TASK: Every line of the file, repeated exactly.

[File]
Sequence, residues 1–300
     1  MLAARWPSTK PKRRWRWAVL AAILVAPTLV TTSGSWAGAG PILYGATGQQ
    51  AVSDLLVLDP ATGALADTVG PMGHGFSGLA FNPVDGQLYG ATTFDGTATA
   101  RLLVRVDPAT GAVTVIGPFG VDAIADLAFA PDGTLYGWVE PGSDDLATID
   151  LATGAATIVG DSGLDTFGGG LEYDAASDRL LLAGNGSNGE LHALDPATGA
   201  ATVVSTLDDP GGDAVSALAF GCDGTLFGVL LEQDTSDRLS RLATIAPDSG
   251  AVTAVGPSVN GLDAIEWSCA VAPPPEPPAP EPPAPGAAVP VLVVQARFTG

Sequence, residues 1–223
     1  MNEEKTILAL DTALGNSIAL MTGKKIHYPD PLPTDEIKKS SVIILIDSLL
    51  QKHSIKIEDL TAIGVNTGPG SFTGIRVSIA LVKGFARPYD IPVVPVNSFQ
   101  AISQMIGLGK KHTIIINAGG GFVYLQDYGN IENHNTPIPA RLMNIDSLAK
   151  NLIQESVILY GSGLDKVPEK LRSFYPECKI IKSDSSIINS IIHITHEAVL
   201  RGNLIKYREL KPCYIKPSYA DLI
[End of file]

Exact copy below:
Sequence, residues 1–300
     1  MLAARWPSTK PKRRWRWAVL AAILVAPTLV TTSGSWAGAG PILYGATGQQ
    51  AVSDLLVLDP ATGALADTVG PMGHGFSGLA FNPVDGQLYG ATTFDGTATA
   101  RLLVRVDPAT GAVTVIGPFG VDAIADLAFA PDGTLYGWVE PGSDDLATID
   151  LATGAATIVG DSGLDTFGGG LEYDAASDRL LLAGNGSNGE LHALDPATGA
   201  ATVVSTLDDP GGDAVSALAF GCDGTLFGVL LEQDTSDRLS RLATIAPDSG
   251  AVTAVGPSVN GLDAIEWSCA VAPPPEPPAP EPPAPGAAVP VLVVQARFTG

Sequence, residues 1–223
     1  MNEEKTILAL DTALGNSIAL MTGKKIHYPD PLPTDEIKKS SVIILIDSLL
    51  QKHSIKIEDL TAIGVNTGPG SFTGIRVSIA LVKGFARPYD IPVVPVNSFQ
   101  AISQMIGLGK KHTIIINAGG GFVYLQDYGN IENHNTPIPA RLMNIDSLAK
   151  NLIQESVILY GSGLDKVPEK LRSFYPECKI IKSDSSIINS IIHITHEAVL
   201  RGNLIKYREL KPCYIKPSYA DLI